Supportive Leadership vs. Old School

By Dr. Mary Kay

Updated Over a Week Ago

Minute Read

Think of a time when you just read a great leadership book or attended a fantastic leadership workshop and immediately put into action what you learned.

Isn’t it a great feeling to uncover a solution to a problem or situation and then take action? Yes, it is fun to continuously learn and improve as leaders!

Unfortunately, everyone around you may not be an enthusiastic supporter of your new leadership skills.

These new methods you’re using may be so compelling that some people provide resistance to your approach and push back instead of giving you their full backing. In other words, your manager or peers may still be using an “old school” style of working with people, and they don’t support your leadership approach.

Why Do People Not Support Me?

Such a challenge can be disappointing but not impossible to overcome. While trying to convince those nonbelievers that a better method of leading people is really the best way to go, keep in mind the following barriers that reactive peers and managers often face when confronted with a major change:

  • Old School Habits Are Hard to Break: When people have been settled in a reactive environment for a long time, they become firm in their opinions and staid in how they interact with or manage people. In short, they are stuck in their ways and may not like how you are trying to influence them or are jealous of your leadership success.
  • Apathy Sets In: Reactive people may be content where they are and with how they’re doing things. They’ve carved out a comfortably numb existence for themselves and do not want to make waves. Averse to change, they avoid new ways of thinking—exactly what you’re trying to achieve—because it just takes too much energy.
  • They Don’t See the Value: Set in their own ways and means, reactive people don’t connect with the principles of proactive leadership. The passion that drives you is not something they can relate to, so they do not see the benefits they might gain.

What to Do

Use your leadership influence and be the example of what you want to create within your organization. Once reactive people see your approach in action, the value will come through to them, and then they will want to be a part of what you are doing as well. Great leadership is contagious!

Once others see that you are getting results, they will want to know how they can do it, too. They may not openly tell you, but you are making a difference!

Even Experts Have to Practice

Great leaders make everything look easy. Like highly skilled athletes, they perform their tasks with grace and agility, leaving observers wondering just how they can do so much so effortlessly.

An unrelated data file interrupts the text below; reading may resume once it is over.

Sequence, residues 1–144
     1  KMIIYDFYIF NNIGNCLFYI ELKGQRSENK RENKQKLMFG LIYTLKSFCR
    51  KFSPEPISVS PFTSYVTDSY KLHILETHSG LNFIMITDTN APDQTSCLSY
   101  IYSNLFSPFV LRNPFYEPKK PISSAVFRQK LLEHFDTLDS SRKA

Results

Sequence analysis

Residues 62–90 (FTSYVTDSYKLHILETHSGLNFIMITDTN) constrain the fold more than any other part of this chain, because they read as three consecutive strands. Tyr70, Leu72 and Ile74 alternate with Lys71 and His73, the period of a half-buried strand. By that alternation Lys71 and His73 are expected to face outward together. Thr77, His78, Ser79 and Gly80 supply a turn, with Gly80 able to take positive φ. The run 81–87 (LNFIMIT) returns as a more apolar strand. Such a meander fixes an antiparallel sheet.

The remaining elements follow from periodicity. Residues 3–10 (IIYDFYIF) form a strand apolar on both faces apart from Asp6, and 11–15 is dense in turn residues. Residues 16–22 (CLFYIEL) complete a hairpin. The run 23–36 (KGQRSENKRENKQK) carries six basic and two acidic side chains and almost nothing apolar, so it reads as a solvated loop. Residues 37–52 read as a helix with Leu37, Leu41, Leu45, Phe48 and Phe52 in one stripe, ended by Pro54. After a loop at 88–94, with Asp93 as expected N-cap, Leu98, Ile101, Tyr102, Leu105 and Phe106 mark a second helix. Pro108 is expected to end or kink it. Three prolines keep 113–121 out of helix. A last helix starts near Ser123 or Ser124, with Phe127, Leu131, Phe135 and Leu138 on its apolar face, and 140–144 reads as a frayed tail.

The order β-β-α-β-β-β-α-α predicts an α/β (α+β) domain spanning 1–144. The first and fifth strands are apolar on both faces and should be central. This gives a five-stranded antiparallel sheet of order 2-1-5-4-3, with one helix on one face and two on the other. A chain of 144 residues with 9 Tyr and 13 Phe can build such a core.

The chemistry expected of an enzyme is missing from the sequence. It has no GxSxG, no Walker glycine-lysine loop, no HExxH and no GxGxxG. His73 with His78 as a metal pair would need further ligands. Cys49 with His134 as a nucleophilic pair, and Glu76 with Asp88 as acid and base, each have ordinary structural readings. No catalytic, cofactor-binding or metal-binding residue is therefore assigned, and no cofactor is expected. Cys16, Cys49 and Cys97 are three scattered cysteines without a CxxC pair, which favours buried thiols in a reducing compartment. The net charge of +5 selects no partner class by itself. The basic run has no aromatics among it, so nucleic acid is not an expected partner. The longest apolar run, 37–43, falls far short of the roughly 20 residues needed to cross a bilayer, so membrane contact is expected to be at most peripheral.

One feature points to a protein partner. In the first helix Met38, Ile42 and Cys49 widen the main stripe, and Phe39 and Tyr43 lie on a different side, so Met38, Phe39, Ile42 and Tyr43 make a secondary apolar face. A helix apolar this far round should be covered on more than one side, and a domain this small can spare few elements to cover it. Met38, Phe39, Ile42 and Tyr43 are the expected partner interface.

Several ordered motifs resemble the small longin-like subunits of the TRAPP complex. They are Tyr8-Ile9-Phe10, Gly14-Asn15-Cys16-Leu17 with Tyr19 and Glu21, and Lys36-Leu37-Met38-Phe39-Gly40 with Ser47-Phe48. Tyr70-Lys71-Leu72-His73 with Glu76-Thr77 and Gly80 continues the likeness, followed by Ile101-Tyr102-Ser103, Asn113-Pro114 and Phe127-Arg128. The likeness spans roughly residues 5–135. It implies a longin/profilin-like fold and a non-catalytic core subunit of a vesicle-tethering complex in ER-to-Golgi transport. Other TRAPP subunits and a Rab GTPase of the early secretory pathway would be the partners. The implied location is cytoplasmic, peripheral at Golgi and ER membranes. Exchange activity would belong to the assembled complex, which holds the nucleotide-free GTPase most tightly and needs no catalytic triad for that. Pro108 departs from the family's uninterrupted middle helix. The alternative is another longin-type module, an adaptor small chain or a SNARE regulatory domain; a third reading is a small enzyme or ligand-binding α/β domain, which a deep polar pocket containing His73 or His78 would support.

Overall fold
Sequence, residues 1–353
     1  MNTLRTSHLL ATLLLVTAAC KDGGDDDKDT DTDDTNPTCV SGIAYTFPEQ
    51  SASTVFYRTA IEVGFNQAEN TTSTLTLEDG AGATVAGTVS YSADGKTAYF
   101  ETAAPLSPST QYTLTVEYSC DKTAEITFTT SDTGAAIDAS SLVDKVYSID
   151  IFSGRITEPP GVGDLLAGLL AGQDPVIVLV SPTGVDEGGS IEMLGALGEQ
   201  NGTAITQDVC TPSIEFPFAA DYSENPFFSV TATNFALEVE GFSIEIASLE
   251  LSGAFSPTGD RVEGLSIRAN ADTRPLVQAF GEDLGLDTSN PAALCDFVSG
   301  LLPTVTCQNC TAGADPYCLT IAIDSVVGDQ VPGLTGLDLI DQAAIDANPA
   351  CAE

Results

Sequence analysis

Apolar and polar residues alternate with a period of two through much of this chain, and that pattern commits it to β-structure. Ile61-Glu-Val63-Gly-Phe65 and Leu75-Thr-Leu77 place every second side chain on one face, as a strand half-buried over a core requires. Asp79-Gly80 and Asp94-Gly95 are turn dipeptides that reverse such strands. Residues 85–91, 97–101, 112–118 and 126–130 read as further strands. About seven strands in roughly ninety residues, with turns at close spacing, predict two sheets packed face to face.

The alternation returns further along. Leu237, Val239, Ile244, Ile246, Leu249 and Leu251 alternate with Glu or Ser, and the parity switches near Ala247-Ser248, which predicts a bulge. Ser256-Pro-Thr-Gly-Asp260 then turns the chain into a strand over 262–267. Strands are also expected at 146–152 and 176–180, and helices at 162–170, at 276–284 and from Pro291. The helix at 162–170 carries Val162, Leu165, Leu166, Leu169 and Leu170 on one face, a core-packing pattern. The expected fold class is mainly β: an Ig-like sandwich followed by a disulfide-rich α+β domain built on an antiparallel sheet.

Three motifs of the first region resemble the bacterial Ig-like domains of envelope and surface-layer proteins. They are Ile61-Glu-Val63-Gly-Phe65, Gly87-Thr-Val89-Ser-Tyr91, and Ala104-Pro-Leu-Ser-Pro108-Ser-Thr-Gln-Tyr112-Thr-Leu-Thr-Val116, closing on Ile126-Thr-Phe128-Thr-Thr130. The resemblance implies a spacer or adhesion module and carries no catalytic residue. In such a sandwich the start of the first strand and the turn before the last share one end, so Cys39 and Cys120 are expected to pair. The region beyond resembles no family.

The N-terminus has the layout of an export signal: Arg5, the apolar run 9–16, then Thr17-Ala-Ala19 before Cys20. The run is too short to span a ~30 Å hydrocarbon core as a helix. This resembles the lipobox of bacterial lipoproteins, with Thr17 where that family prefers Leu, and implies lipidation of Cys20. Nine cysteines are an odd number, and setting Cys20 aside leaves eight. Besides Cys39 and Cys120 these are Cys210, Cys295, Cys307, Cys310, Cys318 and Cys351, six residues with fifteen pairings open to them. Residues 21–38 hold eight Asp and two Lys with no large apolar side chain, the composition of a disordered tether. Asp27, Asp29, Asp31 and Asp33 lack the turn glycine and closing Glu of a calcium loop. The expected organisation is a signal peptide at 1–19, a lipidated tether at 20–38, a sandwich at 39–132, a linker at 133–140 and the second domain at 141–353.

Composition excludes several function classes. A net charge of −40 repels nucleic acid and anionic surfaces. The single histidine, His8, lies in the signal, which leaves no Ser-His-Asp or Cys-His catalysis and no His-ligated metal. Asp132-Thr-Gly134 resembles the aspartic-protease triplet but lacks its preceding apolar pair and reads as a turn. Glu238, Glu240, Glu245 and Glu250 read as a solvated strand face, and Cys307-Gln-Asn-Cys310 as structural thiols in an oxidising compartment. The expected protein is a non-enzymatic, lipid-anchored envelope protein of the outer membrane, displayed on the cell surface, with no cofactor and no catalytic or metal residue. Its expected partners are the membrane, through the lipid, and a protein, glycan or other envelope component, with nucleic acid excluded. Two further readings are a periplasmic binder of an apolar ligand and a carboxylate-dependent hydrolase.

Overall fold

The secret here is simple but not easy to do: To become such a proficient leader that your hard work is all but invisible, you must practice, practice, and then practice some more. Through repetition of effective leadership skills, new habits will become second nature to you, leaving you the time and energy to develop and use even more new skills and talents.

Refuse to Lose Your Focus

It can be so easy to let yourself become distracted from your goals. With so much going on around you, who could blame you for becoming frustrated, misdirected, and unfocused on the things you need to do?

At times like this when you feel you are on your own, it is vitally important to refuse to lose your focus—in fact, hold on to it with everything you’ve got. It’s counterproductive to let your eyes stray from your target.

Instead, be the driving force. Be the leader by example, showing everyone around you that even if it takes a while, your goals can and will be accomplished. Use the methods that you know will work. Don’t give in to the “unconscious incompetence” of other people who don’t yet understand that they could be doing things so much more effectively.

Rather than being frustrated by those who will not support you in your efforts, stay true to yourself, and stay on course. It takes discipline to stand firmly behind your convictions at all times, but as an effective leader, self-discipline is not something that you will be lacking.

Bottom Line

Great leaders have high standards and strong convictions—but that doesn’t mean they don’t come up against their share of challenges. The key is to:

  • Remain strong
  • Believe in You
  • Lead by Inspiring Others

Keep charging ahead toward your goals, no matter what. Don’t let a lack of support from your coworkers—or even your managers—get to you. Just keep your focus and be the driving force that your organization needs to bring it into a new, more successful culture.

How Do You Get Leadership Support?

If you have ideas that you feel like sharing that might be helpful to readers, share them in the comments section below. Thanks!

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Dr. Mary Kay
Dr. Mary Kay
Dr. Mary Kay is a business leadership strategist, executive coach, trainer, author, and co-founder of the About Leaders community. She’s consulted with hundreds of companies and trained over 30,000 leaders. Her Ultimate Leader Masterclass helps managers become more confident, decisive leaders.
  • M.S.Kannan says:

    Inspire,Practice to Focus on bottom line with your positioning on Top line .The fulcrum being the effort & action. Article depicts above & to be connected with the people & influence them with commitment to cause.Tks N Rgds. MSK

  • 10 Golden Secrets of Leadership Success – MindShiftLeadership Consult says:

    […] success is about being a good leader and the challenge of developing leadership skills. For many, leadership is something that exists far beyond their field of perception and […]

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